The iron ore price rose on Friday after a week-long holiday in China, with market participants upbeat about demand prospects for the raw material in the world’s top steel producer.
China’s electricity shortage has raised concerns energy-intensive electric arc furnaces that utilize iron scraps to produce steel could be hit, which means more steel output required from blast furnaces using iron ore.
The most-traded January iron ore on China’s Dalian Commodity Exchange was 4.9% higher at 762.50 yuan ($118.24) a tonne Friday morning, just below a session-high 769 yuan, its strongest since September 6.
“With property developers struggling due to high debt levels, the spectre of strong demand for steel and iron ore remains low,” said ANZ senior commodity strategist Daniel Hynes.
But China’s steel output cuts spurred by the country’s decarbonisation policy remain the bigger worry.
“We see China’s steel output remaining under pressure until the end of Q1 2022, as authorities are keen to show a ‘green’ Winter Olympics in February,” Commonwealth Bank of Australia analyst Vivek Dhar said.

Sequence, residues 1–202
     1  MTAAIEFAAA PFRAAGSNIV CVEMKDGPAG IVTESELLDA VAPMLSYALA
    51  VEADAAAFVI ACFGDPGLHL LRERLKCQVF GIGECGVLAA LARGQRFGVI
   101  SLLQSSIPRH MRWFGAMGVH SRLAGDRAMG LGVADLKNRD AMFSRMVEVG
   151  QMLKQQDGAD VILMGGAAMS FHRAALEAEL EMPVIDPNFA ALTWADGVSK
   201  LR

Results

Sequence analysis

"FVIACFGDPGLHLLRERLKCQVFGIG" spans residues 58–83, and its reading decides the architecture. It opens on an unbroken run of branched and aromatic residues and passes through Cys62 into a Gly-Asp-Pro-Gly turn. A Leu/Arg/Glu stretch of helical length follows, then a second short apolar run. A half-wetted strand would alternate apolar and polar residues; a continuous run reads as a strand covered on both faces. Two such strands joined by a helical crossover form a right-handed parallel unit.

Sentiment among Chinese investors “has recently recovered to a neutral level, but the trend is decidedly downward and the upside is capped by recent domestic default stories,” said Olivier d’Assier, head of APAC applied research at Qontigo.
“The main issues affecting sentiment have been purely domestic so far, but on the geopolitical front, the US-China trade talks have yet to take place and this issue remains unresolved.”
Relations with the US are under the microscope after news that President Joe Biden plans to meet Xi Jinping virtually by year-end.
(With files from Bloomberg and Reuters)